Is there any halachic issue with burning incense today? I am referring to standard, at home use. The question arises because incense (I have heard) is used by non-Jews in religious ceremony and also because it resembles the ketoret.


1 Answer 1


You raise 2 issues:

1. is used by non-Jews in religious ceremony

I don't see anybody discussing this. I would assume that if you're doing the same ceremony as non-Jews do when worshiping, then you'd need to ask a Rabbi, but if you're simply burning it, (without a ceremony) then it's irrelevant that incense is burnt in non-Jewish ceremonies also.

The Rambam in הלכות עבודת כוכבים וחקותיהם - פרק אחד עשר discusses what types of behavior are forbidden under "imitating non-Jews" based on the verses וְלֹא תֵלְכוּ בְּחֻקּוֹת הַגּוֹי and וּבְחֻקֹּתֵיהֶם לֹא תֵלֵכוּ‏.

2. because it resembles the ketoret.

This would be an issue, but only if the ingredients - and their ratios - are identical to those used in the Ketoret. What these ingredients are is uncertain - the Wikipedia Koteret page lists some possibilities.

Sources: Kitzur Shulchan Aruch states in סימן קסח - צורות האסורות.

וְהָעוֹשֶׂה קְטֹרֶת מֵאַחַד עָשָׂר סַמְמָנִין שֶׁבַּתּוֹרָה לְפִי הַמִּשְׁקָל, אֲפִלּוּ לֹא עָשָׂה אֶלָּא חֶצְיָהּ אוֹ שְׁלִיֹשִיתָהּ, חַיָּב כָּרֵת. עָשָׂה לְהִתְלַמֵּד בָּהּ, פָּטוּר. ‏

Rambam in הלכות כלי המקדש והעובדים בו - פרק שני is even more explicit:

ט: הָעוֹשֶׂה קְטֹרֶת מֵאַחַד עָשָׂר סַמְמָנִין אֵלּוּ לְפִי מִשְׁקָלוֹת אֵלּוּ כְּדֵי לְהָרִיחַ בָּהּ אַף עַל פִּי שֶׁלֹּא הֵרִיחַ חַיָּב כָּרֵת עַל עֲשִׂיָּתָהּ אִם עָשָׂה מֵזִיד. וּבְשׁוֹגֵג מֵבִיא חַטָּאת קְבוּעָה. אַף עַל פִּי שֶׁלֹּא עָשָׂה הַמִּשְׁקָל כֻּלּוֹ אֶלָּא חֶצְיוֹ אוֹ שְׁלִישׁוֹ. הוֹאִיל וְעָשָׂה לְפִי מִשְׁקָלוֹת אֵלּוּ חַיָּב כָּרֵת. שֶׁנֶּאֱמַר (שמות ל-לז) 'בְּמַתְכֻּנְתָּהּ לֹא תַעֲשׂוּ לָכֶם' (שמות ל-לח) 'אִישׁ אֲשֶׁר יַעֲשֶׂה כָמוֹהָ לְהָרִיחַ בָּהּ וְנִכְרַת מֵעַמָּיו':‏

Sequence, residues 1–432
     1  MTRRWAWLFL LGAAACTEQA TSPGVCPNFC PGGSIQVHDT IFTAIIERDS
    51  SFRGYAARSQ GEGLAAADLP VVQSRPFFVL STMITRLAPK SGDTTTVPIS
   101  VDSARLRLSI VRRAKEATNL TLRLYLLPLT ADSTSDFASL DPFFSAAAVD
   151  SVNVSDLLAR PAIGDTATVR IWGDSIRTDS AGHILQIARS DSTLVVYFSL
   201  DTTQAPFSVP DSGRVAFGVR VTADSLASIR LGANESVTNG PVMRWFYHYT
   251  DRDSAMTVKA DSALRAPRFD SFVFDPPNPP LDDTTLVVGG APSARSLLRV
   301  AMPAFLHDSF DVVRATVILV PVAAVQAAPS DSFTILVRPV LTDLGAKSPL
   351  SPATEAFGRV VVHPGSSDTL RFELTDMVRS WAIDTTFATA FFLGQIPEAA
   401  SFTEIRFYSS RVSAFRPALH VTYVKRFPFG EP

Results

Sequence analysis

• Concerning point 1: we certainly can burn incense without any worries of it looking like non-Jewish service. Afterall, some Gentile, even idolatrous cultures make use of prayer shawls and head coverings that are similar to the tallit and kippa, and we make no effort to not wear those items just because these certain religions have similar ideas.
    – ezra
    Commented Feb 5, 2017 at 18:27
  • @ezra - I agree, but to assert that (we certainly can) would require a source, unless you're a Rabbinic authority. Maybe you are, IDK, but I'm not. :-) Commented Feb 6, 2017 at 8:33
  • 1
    Nope, I'm not a rabbi. That's why it was a comment. ;)
    – ezra
    Commented Feb 6, 2017 at 14:49

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